The differences between the state and county have narrowed, but a Malibu land-use plan will still be far from completion if the county Board of Supervisors adopts the version under consideration, representatives of the California Coastal Commission said at a public hearing Thursday.
The Coastal Commission and the county must agree on a plan before it can take effect. Tom Crandall, the coastal panel's South Coast director, and Steve Scholl, who has supervised the state's work on the plan, indicated their displeasure with the current version. It was the first time state officials have publicly testified before the county in 3 1/2 years of negotiation.
Eventually, the plan will spell out firm development guidelines for the Malibu coastal zone, which stretches 27 miles along the shoreline and five miles inland to the heart of the Santa Monica Mountains.
Crandall told supervisors that the hundreds of disagreements between the two sides have been reduced to two: how to limit construction on thousands of small lots created during the 1920s in fragile mountain areas, and how soon to allow building in watershed areas, where large canyons meet the sea.
Both issues surfaced as a result of changes made last month by the county Regional Planning Commission in a version of the Malibu land-use plan approved by the state.
Supervisors last week had other concerns about the latest draft and asked county Planning Director Norman Murdoch to meet with each of them individually before they vote on the matter. They postponed their decision, which had been expected Thursday, until Oct. 7.
During the difficult process of drawing up a land-use plan, the state has generally emphasized protection of Malibu's sensitive environment, which is plagued by fire, flood and falling rock. The county has focused on the rights of property owners to build on their land.
Until the state and county agree, final authority over construction in Malibu lies with the Coastal Commission, which has been reluctant to approve large projects without a long-term blueprint for growth.
When a plan is completed, the county will assume the responsibility for regulating building. Malibu's natural beauty, combined with its proximity to millions in the Los Angeles Basin, makes it attractive to environmentalists and residents who want to preserve its rural flavor--as well as to developers who want to construct homes.
The Planning Commission did recommend that supervisors accept the state's limit of about 6,582 more apartments and houses in Malibu----nearly halving the amount the county originally wanted to permit there.
But in exchange, the Planning Commission wanted to drop a state requirement that builders purchase small lots whenever they want to subdivide property in the area along Pacific Coast Highway.
The purchase program, called "transfer of development credits," preserves the small lots as open space and allows growth in the beach area of Malibu, without changing the total number of lots in the region. Each credit costs about $15,000.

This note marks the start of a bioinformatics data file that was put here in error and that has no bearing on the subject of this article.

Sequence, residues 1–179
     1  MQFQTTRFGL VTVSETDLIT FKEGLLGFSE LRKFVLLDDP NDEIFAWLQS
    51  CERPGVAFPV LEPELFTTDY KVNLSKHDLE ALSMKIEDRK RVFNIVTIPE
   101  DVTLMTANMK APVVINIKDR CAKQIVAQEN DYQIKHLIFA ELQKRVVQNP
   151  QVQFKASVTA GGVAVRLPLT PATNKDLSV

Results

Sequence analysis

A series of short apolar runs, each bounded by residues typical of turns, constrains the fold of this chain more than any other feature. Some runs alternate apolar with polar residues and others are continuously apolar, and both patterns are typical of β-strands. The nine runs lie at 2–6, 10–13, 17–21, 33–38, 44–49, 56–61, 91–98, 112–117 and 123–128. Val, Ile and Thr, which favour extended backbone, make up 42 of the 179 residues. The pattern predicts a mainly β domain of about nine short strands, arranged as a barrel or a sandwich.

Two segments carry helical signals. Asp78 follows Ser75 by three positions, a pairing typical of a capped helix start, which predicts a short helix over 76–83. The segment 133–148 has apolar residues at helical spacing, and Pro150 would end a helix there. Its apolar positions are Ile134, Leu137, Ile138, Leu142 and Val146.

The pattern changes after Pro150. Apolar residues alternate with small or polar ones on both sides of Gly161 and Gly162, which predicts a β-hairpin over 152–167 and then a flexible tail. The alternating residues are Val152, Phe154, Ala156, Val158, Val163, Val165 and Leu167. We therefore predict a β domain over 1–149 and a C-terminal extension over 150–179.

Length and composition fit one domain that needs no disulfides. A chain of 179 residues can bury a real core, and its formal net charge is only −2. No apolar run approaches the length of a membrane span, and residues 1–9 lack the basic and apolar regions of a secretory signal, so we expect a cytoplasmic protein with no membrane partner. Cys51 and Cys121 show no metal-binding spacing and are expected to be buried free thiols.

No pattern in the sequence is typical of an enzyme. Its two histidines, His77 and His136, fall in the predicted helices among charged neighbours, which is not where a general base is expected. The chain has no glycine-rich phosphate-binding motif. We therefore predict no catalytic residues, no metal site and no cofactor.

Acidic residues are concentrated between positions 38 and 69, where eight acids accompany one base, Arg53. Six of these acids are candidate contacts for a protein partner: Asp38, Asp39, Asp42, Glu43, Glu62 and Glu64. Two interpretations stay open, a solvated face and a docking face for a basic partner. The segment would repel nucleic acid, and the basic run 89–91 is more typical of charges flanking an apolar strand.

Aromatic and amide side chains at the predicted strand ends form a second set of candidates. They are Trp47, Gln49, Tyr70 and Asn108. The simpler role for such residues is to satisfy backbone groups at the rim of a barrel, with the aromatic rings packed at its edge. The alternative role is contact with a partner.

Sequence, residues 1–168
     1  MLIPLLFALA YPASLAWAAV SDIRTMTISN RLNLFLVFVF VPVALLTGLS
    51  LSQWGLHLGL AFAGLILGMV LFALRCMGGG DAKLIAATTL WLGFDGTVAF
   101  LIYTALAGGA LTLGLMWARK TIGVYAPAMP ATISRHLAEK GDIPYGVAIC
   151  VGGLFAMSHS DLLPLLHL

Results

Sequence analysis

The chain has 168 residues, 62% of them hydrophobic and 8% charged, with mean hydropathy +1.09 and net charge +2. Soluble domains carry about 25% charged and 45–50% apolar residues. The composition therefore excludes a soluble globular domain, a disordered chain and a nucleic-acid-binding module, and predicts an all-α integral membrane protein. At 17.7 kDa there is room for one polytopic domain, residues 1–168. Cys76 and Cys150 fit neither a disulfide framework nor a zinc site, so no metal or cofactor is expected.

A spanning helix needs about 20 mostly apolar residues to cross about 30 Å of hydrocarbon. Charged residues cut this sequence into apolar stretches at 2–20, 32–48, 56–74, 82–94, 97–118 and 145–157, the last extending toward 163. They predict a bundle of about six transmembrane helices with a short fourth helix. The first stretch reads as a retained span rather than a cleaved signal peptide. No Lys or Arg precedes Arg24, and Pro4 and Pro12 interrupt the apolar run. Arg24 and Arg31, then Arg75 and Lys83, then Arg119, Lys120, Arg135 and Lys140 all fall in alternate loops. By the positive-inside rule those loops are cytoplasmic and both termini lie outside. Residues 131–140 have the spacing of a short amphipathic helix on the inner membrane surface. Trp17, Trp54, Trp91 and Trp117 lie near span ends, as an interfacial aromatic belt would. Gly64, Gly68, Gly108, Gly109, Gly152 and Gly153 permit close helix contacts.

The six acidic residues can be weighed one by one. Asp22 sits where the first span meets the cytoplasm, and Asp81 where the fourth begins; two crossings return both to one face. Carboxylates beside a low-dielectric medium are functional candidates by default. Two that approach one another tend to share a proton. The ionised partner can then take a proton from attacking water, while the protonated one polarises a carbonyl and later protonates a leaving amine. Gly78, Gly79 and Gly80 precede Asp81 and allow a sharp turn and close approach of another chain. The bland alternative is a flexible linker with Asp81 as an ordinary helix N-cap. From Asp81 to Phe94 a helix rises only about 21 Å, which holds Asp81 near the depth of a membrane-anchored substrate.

The state wants the county to use the purchase program or some other way of achieving the same end. The purchase program "was identified as one of seven ways" to ensure that the limit would be observed, Crandall said. "We feel that's not an unreasonable position to take."
Without the purchase program, Crandall said, "there's nothing saying how that (6,582-unit) cap would be implemented."
The president of a civic group representing 1,000 Malibu families agreed. Leon Cooper, who heads the Malibu Township Council, said he believes pressure to change the cap would become severe as development neared the limits. He said he is worried because the county does not want to change land-use maps to show only 6,582 more dwellings.
"We do not see how the county will enforce a cap that is in conflict with the map," Cooper said. "The cap is . . . simply a snare and a delusion."
Murdoch said he was disappointed by the negative reaction. He noted that the county has agreed to limit building in Malibu to 2,110 dwellings until Pacific Coast Highway has been improved to handle more traffic. That was the state's idea.
"I didn't hear them say then that a cap could not be implemented," Murdoch said. "How do you deny the 2,111th application there?"
The second major disagreement between the state and county involves planning for construction in watershed areas where creeks snake along Malibu canyon bottoms. The state wants specific plans for each canyon before permitting building to begin.
"That appears to be deleted" in the plan supervisors are considering, Crandall said. "That would, in effect, open up those sensitive areas to development before there's a plan."
Murdoch said the county's draft restricts bulldozing and requires buildings to be set back from streams. "If we were going to prepare a plan, what would we put into it that isn't already there?" he said. "These people are saying, we've been in limbo for years, don't put us in limbo for another four years."
Supervisor Pete Schabarum asked Murdoch to report back on testimony from several property owners who said the proposed requirements are too restrictive. Supervisor Mike Antonovich wanted more information on the coastal zone boundary. Some landowners testified that the zone, set by the state Legislature, penetrates about two miles farther inland than the Coastal Act permits.